Note: Not all MTF trans people necessarily want to look high-femme, of course. My tips are based on my own experience and perspective.
Try on a pair of black riding boots. I love them because they slim out and lengthen your leg, but are also a great basic. They will always be in style, and match with most clothing, no matter the color. You can also wear them into the winter as long as it’s not raining or snowing.
I recommend buying a few pairs of leggings, big comfy sweaters, and long- and short -sleeve shirts. For most MTF individuals, hiding a bulge is the biggest issue when it comes to fashion. If this is your main concern, buy shirts long enough to hide the bulge and still make you feel cute and comfortable. Pair with Uggs or riding boots.
People are starting to ditch their winter cover-ups, which have been hiding their bodies for months. What’s a trans-girl to do? I recommend buying looser-fitting dresses (but not too flowy), skirts, and thicker-strap tank tops, as they help cover more of your shoulder width. Also: you may want to make sure the scoop neck of the top isn’t too high or low, based on the shape of your chest. I would shy away from ¾ -length sleeved shirts, as they tend to lengthen your arm. If you’re worried about passing I would go with short-sleeved V-necks or scoop necks.
Let’s talk bathing suits. It seems to me that buying and wearing bathing suits can be difficult for most people, including ciswomen, and the key is finding a suit you feel comfortable in—depending on your body. Probably the hardest time to cover up your transforming body is at the pool or beach. A lot of people talk about “tucking.” I’ve never tried it, nor have I ever wanted to. I didn't want anything to pop or go wrong; and it was also way too much work for me. I had enough to worry about as it was when I was transitioning.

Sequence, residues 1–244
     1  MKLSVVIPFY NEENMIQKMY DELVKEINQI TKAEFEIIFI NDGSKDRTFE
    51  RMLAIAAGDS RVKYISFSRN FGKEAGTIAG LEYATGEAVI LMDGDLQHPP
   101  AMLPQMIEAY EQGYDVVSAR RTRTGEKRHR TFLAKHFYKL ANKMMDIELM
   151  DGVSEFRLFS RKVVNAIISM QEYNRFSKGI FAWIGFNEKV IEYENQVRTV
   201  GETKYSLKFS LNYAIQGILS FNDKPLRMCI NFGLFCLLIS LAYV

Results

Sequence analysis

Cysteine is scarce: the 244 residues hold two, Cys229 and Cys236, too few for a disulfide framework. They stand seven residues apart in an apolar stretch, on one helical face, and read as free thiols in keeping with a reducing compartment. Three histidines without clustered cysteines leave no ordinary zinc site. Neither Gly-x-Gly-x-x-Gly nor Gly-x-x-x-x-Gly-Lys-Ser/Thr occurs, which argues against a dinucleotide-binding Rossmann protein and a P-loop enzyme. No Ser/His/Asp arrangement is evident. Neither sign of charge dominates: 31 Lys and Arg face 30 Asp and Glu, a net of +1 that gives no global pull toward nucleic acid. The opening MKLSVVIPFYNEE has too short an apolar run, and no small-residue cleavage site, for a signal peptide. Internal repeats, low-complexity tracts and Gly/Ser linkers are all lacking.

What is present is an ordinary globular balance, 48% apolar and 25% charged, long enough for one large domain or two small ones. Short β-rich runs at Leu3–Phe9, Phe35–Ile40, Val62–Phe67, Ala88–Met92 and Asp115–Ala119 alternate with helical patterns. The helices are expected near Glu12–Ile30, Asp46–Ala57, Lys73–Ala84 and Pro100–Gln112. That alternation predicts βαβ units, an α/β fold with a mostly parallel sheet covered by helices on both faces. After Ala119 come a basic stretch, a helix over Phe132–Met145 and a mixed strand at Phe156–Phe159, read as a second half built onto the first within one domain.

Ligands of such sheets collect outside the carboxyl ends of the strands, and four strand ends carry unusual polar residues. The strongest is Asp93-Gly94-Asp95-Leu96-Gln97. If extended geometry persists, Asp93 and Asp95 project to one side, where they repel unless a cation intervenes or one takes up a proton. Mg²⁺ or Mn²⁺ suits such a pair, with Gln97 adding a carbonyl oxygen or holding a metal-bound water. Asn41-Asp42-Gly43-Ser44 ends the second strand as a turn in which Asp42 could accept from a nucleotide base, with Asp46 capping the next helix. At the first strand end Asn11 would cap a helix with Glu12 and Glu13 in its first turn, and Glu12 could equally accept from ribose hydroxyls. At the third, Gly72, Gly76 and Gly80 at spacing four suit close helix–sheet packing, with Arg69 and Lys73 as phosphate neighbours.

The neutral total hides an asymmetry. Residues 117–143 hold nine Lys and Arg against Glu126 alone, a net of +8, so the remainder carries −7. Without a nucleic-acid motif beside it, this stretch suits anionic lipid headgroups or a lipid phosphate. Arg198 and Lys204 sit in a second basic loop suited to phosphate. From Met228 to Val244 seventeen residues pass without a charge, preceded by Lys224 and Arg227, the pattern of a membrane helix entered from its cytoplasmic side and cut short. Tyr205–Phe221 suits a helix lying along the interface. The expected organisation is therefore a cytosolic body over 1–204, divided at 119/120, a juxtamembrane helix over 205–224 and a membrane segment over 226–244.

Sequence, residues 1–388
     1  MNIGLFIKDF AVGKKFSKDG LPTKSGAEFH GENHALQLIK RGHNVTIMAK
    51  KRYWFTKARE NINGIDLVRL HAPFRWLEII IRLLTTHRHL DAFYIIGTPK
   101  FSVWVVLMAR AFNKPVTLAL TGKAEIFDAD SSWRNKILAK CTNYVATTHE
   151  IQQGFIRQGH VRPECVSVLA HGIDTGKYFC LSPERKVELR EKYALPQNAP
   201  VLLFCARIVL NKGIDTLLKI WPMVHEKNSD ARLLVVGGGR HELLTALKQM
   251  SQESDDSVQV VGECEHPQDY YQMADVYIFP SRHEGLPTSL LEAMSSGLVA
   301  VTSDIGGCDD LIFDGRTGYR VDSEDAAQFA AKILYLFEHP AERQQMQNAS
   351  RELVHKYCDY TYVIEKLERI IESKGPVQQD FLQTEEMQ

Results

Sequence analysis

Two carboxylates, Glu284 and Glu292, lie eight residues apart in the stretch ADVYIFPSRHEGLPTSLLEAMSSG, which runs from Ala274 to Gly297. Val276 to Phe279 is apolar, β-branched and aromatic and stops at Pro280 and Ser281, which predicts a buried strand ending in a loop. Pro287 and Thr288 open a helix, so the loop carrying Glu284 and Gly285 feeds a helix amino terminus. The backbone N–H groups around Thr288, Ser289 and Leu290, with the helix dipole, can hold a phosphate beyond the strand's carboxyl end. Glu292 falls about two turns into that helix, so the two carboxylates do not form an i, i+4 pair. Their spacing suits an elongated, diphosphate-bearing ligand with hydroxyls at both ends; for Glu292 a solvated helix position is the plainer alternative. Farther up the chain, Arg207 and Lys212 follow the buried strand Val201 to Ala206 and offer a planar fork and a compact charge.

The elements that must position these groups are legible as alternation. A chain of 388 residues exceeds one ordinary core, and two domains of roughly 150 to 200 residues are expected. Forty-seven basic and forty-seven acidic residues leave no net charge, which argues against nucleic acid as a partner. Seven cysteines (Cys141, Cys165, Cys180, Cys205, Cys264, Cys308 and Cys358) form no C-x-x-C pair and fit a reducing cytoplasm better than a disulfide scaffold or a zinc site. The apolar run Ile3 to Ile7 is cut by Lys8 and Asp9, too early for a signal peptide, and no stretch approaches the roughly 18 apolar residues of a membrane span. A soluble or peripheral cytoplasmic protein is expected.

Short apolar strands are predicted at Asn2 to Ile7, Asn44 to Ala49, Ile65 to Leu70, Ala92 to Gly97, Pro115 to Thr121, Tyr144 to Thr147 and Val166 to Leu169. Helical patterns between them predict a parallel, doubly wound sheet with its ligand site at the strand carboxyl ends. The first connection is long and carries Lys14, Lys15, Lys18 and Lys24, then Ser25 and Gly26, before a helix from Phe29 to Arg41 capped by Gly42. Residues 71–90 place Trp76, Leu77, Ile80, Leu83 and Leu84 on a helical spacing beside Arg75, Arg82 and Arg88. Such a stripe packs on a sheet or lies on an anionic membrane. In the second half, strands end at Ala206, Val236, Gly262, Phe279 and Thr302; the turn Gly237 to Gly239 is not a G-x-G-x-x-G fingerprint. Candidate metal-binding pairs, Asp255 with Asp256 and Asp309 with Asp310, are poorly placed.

As far as other summer threads, I suggest t-shirts with looser armpit holes so you don't show sweat marks as much, and they’re also much more comfortable. If you’re on hormone treatment, you'll be sweating more without the winter cold to cool you down.
And as for shoes, a great pair of sandals is a must for summer. Havaianas flip flops are very girly, and very comfy. Also, a great skin-toned pair of gladiators will make your summer. I suggest checking out Sam Edelman as they're comfy, cater to wider feet, and last forever.
After a recent weekend on the beach, I was reminded how painful it was for me to live my daily life until I had my surgery. Most transgender individuals who are in transition experience this: they have to get up, clothe their undesired bodies, and try to put a smile on their faces to make it through the day. Hiding ourselves, or not feeling comfortable in even the most comfy clothes, is painful and depressing.
As we share our stories, we learn that we are not without community, and that we are here to help each other in our individual transitions. Together we are a movement, and it’s time for the world to start giving us the respect we deserve, respect for being brave enough to be our true selves.
Corey Rae is a 23-year-old up-and-coming transgender icon who is changing the way society views the transgender community. She is a California-native, though she was raised mostly in New Jersey. Corey graduated with a Bachelor’s Degree in Public Relations with a minor in Sociology from Hofstra University in 2015. She has a strong academic and personal background in LGBT issues. With a passion for public speaking, honest communication, and working with others, Corey has her sights set on becoming a prominent face of the transgender community, a spokesperson for human rights, and more specifically, transgender acceptance. One of her central goals is to change public perceptions of transgender stereotypes.